Explain Why Most People Require Three Sessions Of Haemodialysis

1226 Words5 Pages
1.1 Renal function/failure Most people know that a major function of the kidneys is to remove waste products and excess fluid from the body. These waste products and excess fluids are removed through the urine. The production of urine involves highly complex steps of excretion and re-absorption. This process is necessary to maintain a stable balance of body chemicals. The critical regulation of the body’s salt, potassium and acid content is performed by the kidneys. The kidneys also produce hormones that affect the function of other organs. For example, a hormone produced by the kidneys stimulates red blood cell production. Other hormones produced by the kidneys help regulate blood pressure and control calcium metabolism. The kidneys are powerful chemical factories that perform the following functions;…show more content…
A dialysis session takes at least four hours to complete because your blood needs to be removed and then replaced slowly. During dialysis sessions you are usually on a reclined chair, or bed. At the start of the session, your blood pressure, skin temperature and pulse will be measured. If you decide to have dialysis at home, you will be trained to take these measurements yourself. Two thin needles will be inserted into your AV fistula or graft and taped into place. One needle will slowly remove blood and transfer it to a machine called a dialyzer or dialysis machine. The dialysis machine is made up of a series of membranes that act as filters and a special liquid called dialysate. The membranes filter waste products from your blood, which are passed into the dialysate fluid. The ‘dirty’ dialysate fluid is pumped out of the dialyzer and the ‘clean’ blood is passed back into your body through the second needle. It would be too dangerous to remove large amounts of blood in one go, so only 40-50ml (two fluid ounces) of blood is removed at any one time.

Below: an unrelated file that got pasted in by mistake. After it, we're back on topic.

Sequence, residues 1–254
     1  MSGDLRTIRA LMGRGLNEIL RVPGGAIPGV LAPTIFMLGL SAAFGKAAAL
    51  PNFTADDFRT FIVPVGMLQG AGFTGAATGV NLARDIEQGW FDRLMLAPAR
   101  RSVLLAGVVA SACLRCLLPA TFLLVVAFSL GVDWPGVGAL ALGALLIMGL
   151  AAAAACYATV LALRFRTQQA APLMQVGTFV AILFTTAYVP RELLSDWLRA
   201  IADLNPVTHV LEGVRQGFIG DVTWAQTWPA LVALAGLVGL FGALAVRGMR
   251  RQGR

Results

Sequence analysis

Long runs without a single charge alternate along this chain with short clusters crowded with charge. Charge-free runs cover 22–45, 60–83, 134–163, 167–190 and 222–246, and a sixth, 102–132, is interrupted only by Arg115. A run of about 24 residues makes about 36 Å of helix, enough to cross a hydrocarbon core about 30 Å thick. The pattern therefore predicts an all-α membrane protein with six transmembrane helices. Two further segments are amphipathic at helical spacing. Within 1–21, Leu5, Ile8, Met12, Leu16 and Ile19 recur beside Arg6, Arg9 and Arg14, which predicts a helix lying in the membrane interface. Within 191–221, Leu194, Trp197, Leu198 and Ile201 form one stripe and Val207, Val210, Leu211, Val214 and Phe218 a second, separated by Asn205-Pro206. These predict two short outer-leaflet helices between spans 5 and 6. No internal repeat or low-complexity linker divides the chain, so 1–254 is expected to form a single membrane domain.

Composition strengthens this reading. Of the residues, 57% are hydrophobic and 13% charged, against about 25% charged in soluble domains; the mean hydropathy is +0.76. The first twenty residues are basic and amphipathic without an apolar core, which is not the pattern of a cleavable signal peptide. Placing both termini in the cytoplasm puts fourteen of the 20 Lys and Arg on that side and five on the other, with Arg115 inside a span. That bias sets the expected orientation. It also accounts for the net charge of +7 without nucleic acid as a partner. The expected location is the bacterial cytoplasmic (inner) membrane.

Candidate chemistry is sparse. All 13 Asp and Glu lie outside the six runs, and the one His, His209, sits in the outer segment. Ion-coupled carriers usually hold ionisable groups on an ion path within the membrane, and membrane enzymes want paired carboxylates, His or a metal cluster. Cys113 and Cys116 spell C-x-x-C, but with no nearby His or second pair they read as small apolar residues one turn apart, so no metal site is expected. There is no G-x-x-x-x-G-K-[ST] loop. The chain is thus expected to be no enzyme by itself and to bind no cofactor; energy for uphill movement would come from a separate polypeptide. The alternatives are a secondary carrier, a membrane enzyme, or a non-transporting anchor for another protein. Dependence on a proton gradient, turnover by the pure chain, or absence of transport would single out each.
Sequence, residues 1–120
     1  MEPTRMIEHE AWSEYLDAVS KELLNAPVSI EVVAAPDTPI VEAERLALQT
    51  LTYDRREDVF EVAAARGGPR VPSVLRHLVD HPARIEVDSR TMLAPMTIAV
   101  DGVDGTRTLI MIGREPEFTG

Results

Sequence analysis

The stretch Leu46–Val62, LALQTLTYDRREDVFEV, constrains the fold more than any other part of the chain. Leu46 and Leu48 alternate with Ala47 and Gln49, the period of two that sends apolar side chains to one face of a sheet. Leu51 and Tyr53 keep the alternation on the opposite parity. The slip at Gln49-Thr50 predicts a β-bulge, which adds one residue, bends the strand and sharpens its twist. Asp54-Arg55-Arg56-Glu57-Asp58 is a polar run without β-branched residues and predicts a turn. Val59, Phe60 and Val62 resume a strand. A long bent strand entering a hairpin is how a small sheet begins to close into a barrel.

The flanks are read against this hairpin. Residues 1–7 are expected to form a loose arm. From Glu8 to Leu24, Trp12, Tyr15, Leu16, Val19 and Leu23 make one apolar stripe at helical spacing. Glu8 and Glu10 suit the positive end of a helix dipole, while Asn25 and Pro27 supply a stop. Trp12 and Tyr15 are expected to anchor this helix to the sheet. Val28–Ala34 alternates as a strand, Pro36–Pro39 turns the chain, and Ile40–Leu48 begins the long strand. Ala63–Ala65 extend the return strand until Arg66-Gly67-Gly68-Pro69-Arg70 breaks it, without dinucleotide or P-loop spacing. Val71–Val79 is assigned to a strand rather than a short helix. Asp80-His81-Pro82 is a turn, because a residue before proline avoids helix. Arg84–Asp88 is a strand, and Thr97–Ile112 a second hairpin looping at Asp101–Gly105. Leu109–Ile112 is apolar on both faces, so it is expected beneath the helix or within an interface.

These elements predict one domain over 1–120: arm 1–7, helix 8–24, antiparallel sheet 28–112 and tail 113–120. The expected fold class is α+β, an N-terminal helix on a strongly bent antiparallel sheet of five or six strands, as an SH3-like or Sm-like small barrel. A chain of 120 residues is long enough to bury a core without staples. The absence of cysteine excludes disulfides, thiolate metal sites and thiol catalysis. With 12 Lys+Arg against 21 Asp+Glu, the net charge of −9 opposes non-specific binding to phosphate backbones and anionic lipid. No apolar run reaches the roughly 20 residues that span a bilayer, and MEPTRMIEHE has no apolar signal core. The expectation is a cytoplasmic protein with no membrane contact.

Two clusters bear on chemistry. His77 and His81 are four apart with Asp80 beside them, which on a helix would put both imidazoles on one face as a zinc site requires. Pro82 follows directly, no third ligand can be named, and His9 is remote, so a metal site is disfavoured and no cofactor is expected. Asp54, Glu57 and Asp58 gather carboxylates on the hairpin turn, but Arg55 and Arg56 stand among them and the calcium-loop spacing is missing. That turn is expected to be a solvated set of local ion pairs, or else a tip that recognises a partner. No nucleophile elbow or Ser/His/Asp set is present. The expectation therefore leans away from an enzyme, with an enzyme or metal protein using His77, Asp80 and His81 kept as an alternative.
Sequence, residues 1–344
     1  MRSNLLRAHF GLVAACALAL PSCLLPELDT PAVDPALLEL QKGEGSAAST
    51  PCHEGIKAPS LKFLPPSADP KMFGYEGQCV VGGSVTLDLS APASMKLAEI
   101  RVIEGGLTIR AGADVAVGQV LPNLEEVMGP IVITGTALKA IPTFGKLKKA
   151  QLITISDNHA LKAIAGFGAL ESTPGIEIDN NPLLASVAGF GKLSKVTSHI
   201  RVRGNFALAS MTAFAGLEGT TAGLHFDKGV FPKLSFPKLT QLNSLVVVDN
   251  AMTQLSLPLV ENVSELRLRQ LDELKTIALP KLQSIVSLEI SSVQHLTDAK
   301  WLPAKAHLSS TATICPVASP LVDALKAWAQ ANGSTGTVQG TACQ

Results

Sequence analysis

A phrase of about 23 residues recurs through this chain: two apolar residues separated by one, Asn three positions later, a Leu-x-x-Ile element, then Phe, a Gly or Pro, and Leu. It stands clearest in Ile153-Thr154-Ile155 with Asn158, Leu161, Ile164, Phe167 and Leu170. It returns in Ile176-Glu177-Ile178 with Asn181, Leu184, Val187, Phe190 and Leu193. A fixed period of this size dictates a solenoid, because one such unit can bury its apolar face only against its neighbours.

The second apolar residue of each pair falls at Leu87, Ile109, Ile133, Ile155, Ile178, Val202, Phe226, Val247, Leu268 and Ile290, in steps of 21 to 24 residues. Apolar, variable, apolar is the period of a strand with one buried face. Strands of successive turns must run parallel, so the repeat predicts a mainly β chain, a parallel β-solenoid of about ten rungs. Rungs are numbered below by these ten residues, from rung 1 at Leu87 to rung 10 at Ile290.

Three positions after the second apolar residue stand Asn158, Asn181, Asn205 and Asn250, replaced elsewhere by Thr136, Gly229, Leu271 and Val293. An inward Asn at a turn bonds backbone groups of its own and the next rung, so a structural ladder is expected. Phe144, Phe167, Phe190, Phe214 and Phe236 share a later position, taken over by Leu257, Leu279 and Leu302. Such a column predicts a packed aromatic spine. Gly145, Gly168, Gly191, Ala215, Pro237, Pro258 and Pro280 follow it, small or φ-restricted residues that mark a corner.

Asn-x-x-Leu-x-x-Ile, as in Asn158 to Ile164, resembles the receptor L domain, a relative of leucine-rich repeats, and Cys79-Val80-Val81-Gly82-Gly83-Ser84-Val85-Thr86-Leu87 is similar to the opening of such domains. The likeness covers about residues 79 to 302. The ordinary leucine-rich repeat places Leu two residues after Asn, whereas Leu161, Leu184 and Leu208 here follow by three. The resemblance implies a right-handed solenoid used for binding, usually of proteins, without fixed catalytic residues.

More about Explain Why Most People Require Three Sessions Of Haemodialysis

Open Document